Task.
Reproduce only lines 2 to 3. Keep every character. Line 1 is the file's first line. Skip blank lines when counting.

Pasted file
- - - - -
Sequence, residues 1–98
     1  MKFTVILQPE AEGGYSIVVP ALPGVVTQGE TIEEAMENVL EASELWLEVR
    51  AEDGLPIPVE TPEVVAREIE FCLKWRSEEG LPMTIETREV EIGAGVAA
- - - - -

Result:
     1  MKFTVILQPE AEGGYSIVVP ALPGVVTQGE TIEEAMENVL EASELWLEVR
    51  AEDGLPIPVE TPEVVAREIE FCLKWRSEEG LPMTIETREV EIGAGVAA